Part one: Autobiographical Essay
Shanghai was the place of my birth and upbringing. It gave me life lessons I intend to keep for the rest of my life. I was born into a family unaware of the privilege wealth bestowed upon man. My parents could not afford the privilege of education, yet with a good education, one was open to vast opportunities. Education as many would suggest is life, and that was the first lesson Shanghai freely offered. Education was important, and I was going to do everything to attain it its full advantages. A fire in me was born, ignited by the missed opportunities my parents experienced. I purposed to be the first person in my family to go to the university.
At eight years old, my father accepted an opportunity to go to America. Maybe the grass was greener on the other side. My siblings and I were left behind under the care of my mother. The absence of my father compounded our problems. Money was scarce. I was appointed the financial manager of the meager funds we had. I had to budget for all our needs for which, money was never enough, and still manage to channel money for my educational needs. My determination led me to a solution, coupons. Coupons enabled me to shop and still manage to save enough for my education.
It got to a point where my mother relied on me for all the financial decisions even buying a house. Buying house was an investment I knew would serve me well in the future. This was an ambitious plan especially because we had no money and no assets that could be used as security. I was intent on owning a house. My mother was a bit skeptical, especially because our circumstances did not offer her much comfort. I had to engage my self into extensive research that would change her mind. I always told her that I would take care of everything and that she did not have to worry.
When I speak of missed opportunities, I mean poverty. It was clear to me from a very early age that we were poor because my parents did not get and education. The fire is my dislike for what was our situation. The day my father left was the saddest day of our lives, but we hoped. We understood that he was going away to make a better life for us. I did not want him leaving us. I understood that the grass on the other side was greener. I longed to leave with him so that I could get a good education. I knew in my heart that education would better our humble circumstances. In truth, I no longer wanted to be humble. He left and I assumed the role of a father, ensuring that we all had enough to eat and even devising new ways to save money, like coupons. Funny enough, my habit for using coupons has never gone away. I still find it hard to make any purchases without them. Helping my mother was more out of sympathy than responsibility. Her partner had just left and all she had were children. I tried my best to compensate his absence.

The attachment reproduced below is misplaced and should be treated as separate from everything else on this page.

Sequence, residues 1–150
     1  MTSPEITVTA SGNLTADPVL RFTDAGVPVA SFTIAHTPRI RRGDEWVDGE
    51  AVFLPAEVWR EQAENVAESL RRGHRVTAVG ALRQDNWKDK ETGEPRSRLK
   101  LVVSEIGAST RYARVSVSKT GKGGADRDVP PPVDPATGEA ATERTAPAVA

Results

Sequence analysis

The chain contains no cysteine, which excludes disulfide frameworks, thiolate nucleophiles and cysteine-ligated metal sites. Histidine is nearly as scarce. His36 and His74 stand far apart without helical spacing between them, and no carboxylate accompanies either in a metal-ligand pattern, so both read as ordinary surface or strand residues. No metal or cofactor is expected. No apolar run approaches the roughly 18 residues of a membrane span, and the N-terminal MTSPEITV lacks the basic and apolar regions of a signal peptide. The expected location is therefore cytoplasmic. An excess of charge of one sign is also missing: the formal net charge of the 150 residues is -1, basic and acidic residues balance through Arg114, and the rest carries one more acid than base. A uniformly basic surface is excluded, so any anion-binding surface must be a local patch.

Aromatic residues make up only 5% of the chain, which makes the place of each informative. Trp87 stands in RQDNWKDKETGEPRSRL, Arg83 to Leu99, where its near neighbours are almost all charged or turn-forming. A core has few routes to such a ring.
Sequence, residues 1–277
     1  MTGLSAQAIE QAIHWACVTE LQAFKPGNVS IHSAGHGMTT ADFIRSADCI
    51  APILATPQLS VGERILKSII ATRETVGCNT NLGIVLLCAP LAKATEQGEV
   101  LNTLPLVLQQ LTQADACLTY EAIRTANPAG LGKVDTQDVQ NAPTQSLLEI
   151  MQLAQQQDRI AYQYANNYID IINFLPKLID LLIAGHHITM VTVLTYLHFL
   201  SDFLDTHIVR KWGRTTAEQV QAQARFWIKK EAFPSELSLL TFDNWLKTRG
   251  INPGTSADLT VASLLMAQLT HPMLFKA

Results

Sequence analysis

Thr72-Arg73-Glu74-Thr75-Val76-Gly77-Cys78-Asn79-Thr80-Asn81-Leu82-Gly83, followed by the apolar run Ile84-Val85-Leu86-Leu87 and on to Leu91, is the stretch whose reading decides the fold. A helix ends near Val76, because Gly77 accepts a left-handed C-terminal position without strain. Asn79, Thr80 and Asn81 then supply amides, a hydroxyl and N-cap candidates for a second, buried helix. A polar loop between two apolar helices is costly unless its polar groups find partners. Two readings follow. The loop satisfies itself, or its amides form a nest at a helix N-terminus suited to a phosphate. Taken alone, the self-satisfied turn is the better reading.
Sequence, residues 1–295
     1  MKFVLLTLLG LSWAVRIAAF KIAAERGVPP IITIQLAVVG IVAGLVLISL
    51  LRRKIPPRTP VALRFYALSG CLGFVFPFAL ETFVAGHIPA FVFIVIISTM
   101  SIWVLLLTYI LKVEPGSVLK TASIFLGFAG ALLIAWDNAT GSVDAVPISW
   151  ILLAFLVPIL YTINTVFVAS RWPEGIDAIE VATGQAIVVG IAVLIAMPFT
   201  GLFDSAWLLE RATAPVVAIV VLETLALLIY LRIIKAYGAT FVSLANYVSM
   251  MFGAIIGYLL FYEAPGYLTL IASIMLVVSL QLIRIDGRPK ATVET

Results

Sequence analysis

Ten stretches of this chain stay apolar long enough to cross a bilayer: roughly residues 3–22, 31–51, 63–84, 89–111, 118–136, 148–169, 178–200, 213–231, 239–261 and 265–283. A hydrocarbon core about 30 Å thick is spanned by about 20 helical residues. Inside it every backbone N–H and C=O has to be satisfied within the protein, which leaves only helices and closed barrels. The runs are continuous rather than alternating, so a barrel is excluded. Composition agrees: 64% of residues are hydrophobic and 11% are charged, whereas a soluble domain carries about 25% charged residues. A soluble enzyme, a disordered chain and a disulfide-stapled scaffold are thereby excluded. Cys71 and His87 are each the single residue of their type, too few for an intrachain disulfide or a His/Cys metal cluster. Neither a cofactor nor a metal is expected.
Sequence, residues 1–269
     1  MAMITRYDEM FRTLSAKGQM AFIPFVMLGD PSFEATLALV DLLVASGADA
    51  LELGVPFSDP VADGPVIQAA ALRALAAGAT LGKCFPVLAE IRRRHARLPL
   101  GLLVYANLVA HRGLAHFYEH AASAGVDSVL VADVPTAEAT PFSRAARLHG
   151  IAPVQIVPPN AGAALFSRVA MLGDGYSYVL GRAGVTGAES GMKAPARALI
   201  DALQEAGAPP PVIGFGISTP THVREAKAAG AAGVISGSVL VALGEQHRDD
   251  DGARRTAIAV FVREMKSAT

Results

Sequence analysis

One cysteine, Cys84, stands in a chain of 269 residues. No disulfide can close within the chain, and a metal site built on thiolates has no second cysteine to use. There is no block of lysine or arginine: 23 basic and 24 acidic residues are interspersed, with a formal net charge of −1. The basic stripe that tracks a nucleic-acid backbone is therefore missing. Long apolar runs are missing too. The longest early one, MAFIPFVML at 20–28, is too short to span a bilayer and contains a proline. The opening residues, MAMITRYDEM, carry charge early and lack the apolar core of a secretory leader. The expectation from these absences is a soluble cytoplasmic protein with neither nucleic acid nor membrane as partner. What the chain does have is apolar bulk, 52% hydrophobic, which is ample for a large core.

The thought of our family owning a house drove me to fantasies of a perfect life. The transformation our lives would experience was more than I had ever imagined before. I shared these dreams with my mother and I realized she felt the same. She took her first step to buy a house by borrowing money from my grandfather. She bought a small countryside house. I urged my mother to buy the house in a specific part of the countryside closer to the city. My research into the process revealed the potential this part of the country as a business entity. The city was getting larger and eventually it would expand to where we were. True enough, the government a few years later came and started developing the area. Property value soared and my mother sold the house. The money she got for the sale allowed us to move to America to be with my father. On 21 July 2007, we got to the new land, ready to milk the opportunities it offered.